Elizabeth Musser's new book, The Swan House, introduces Mary Swan Middleton, a sixteen-year-old girl growing up in Atlanta, Georgia in the early 1960s. Mary Swan has enjoyed a privileged life in the ritzy Buck Head section of town, with all the advantages of wealth including private girls' prep school, society dinners and dances, and a black maid to keep the house in order. Yet in this coming of age story, Mary finds her life torn apart by tragedy and a struggle to bring meaning to her life.
The historical account of the 1962 Paris plane crash, in which over a hundred Atlantans returning from an art tour perished, sets the stage. Mary's mother was on the plane, and the accident sends Mary's world tumbling. When Ella Mae, the family's black maid, suggests that Mary help out others as a way to overcome her depression, Mary discovers a whole new world on the other side of town. Grant Park is a rough, inner-city neighborhood, where every Saturday Mt. Carmel church serves spaghetti lunches to the poor. Yet Carl Matthews, a streetwise black teen, has something that Mary doesn't have. From him and the other blacks in Grant Park she finds both poverty and love, including God's love that goes beyond prejudice.
A school dare, a mystery that Mary must try to solve during the school year, drives the story along. In the process, Mary uncovers the truth about her mother, an artist who suffered from depression. At the same time she encounters the world around her, a world of racial prejudice as well as the hypocrisy and superficiality of the wealthy world. Through Carl Matthews and best friend Rachel Abrams comes discrimination against blacks and Jews respectively. Even Mary's boyfriend Robbie, from a "good family," chafes at the restrictions and high expectations placed on him by his father.
In this turbulent time of the Civil Rights movement, Carl and his friends follow the news of the day, including the incident at University of Mississippi that year, when a black student registers at the all-white school despite the protests. At various times in the story, Carl and his friends attend Civil Rights meetings, are beat up by whites while leaving church, and perform as a band for the "fancy white clubs" in Buck Head.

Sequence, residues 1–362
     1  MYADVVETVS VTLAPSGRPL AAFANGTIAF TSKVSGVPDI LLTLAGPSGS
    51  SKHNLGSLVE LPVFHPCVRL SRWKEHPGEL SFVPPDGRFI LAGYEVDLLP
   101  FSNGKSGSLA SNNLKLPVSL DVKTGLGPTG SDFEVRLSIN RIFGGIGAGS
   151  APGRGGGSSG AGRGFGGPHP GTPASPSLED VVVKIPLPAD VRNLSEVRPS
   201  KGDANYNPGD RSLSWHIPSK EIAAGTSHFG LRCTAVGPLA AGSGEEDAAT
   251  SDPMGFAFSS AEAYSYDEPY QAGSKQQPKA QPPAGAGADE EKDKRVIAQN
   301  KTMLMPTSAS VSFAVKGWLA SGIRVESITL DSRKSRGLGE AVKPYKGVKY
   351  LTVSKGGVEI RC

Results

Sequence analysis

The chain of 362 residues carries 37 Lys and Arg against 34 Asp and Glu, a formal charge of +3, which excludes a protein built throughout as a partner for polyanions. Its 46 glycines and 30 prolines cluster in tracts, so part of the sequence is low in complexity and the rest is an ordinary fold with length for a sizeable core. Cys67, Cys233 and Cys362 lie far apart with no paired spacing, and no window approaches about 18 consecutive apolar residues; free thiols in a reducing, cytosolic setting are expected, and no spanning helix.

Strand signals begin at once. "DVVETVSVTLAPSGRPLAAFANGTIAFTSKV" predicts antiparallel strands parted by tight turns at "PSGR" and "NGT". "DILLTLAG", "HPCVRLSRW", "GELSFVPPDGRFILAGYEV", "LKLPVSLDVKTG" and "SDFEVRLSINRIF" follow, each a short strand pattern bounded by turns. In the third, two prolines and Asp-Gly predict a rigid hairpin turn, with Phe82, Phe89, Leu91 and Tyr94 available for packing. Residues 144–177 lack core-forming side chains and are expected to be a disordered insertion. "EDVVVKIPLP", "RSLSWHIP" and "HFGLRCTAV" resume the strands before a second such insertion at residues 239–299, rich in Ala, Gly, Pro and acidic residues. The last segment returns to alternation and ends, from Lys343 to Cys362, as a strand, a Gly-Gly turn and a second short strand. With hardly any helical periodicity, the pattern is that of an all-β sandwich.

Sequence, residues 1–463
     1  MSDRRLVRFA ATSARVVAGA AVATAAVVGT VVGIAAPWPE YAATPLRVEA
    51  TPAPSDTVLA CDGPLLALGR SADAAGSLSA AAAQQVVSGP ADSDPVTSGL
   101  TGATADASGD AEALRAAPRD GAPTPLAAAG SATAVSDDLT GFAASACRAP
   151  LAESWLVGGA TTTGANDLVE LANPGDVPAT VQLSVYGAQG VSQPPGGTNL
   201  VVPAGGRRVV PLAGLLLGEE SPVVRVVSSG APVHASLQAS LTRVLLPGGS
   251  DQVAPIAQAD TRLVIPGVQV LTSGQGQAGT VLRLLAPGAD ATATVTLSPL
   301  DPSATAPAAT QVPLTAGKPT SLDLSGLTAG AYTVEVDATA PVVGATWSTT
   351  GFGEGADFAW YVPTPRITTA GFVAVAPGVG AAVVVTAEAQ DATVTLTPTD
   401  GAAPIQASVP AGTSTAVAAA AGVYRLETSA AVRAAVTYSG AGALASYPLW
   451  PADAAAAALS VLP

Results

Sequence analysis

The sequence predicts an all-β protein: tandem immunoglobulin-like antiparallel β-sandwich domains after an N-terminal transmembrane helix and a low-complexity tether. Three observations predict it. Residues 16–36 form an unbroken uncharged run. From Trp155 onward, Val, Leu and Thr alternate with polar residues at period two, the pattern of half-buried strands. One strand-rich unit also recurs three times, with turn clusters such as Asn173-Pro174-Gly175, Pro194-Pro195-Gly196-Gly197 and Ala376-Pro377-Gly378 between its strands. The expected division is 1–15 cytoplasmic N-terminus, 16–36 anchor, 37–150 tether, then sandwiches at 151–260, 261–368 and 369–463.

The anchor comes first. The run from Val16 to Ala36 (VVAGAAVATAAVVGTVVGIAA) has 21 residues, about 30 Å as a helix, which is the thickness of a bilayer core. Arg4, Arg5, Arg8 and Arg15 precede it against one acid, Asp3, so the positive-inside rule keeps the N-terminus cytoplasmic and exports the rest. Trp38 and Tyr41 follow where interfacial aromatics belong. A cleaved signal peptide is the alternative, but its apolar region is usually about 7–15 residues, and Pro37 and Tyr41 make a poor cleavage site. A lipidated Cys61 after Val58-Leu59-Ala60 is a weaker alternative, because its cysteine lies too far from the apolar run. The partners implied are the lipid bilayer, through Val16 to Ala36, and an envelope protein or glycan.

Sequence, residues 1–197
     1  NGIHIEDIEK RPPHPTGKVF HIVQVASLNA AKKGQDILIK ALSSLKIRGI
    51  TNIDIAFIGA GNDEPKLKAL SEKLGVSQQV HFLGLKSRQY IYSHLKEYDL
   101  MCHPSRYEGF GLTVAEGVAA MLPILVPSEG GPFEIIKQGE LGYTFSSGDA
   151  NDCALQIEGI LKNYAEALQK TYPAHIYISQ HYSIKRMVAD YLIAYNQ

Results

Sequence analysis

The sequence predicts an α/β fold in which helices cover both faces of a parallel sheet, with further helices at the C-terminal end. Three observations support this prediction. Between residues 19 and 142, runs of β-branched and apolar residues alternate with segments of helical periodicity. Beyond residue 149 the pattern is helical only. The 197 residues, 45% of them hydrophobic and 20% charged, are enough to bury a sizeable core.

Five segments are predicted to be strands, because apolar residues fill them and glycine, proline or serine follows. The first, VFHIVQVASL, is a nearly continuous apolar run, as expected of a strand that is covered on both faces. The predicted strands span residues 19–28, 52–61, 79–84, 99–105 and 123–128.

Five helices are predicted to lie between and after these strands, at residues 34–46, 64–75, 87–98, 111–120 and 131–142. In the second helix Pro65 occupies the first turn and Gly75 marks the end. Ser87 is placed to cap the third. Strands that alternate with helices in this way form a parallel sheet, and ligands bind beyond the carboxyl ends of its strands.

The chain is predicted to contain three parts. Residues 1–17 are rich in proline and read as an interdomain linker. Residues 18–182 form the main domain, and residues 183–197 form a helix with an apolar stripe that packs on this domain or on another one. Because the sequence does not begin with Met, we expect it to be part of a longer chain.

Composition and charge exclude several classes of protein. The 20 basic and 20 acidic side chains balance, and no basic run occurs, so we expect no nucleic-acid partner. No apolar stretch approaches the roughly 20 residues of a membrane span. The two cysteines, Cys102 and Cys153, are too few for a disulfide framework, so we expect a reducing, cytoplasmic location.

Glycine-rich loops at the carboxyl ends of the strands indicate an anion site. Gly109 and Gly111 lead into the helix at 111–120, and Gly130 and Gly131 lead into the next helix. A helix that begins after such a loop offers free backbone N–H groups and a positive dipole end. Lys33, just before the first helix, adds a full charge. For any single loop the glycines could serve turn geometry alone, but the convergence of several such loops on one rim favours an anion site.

Part-child, part confused adolescent, Mary Swan enjoys reciting classical poetry and "corrupting" poems with silly rhyming lines, staying up late playing poetry trivia with Rachel. She also eagerly joins her 13-year-old brother Jimmy in schemes to keep rich women (who only want his money) away from daddy, while longing for a closer relationship to her busy and aloof daddy.
Other interesting characters include Miss Abigail, the Christian woman who gave up her wealthy life to live and work in the inner-city, first in Detroit and now Atlanta. Through association with her, Mary learns of the generous help that other wealthy ladies have given to Grant Park, and discovers the reason for Miss Abigail's joy. The Middleton's next door neighbor Trixie also helps out the family, having been close friends with Mary's mother and now someone that Mary can turn to.
The author grew up in Atlanta and currently works as a missionary in France; The Swan House provides a strong background of both places. Coca-Cola and its Atlanta legacy is here, as is the higher society of art appreciation, the influential Atlantans who would bring greater art and culture to the city; also Georgia Tech football games. Many prominent locations are actual historic places in Atlanta, including the Swan House (now open to tours), the High Museum (now part of the Woodruff museums) and Oakland Cemetery. According to the author's notes, a church in Grant Park continues to provide spaghetti meals to the poor every week. Even the Varsity, a fast-food teen hangout, is an actual place still in existence today. Sprinkled throughout are French words and phrases, courtesy of Mary's mother who was part French. Mary enjoys many days in her mother's Atelier (art studio), and makes many references to French painting styles. Painting, she realizes, is good therapy as well as a talent she has inherited from her mother.
It is indeed Mary Swan's story, told in first person from the present day (summer of 2000) perspective while visiting with her daughter Abbie. Mary takes a fresh look back, telling her story to Abbie with fond remembrances of that year, 1962 to 1963.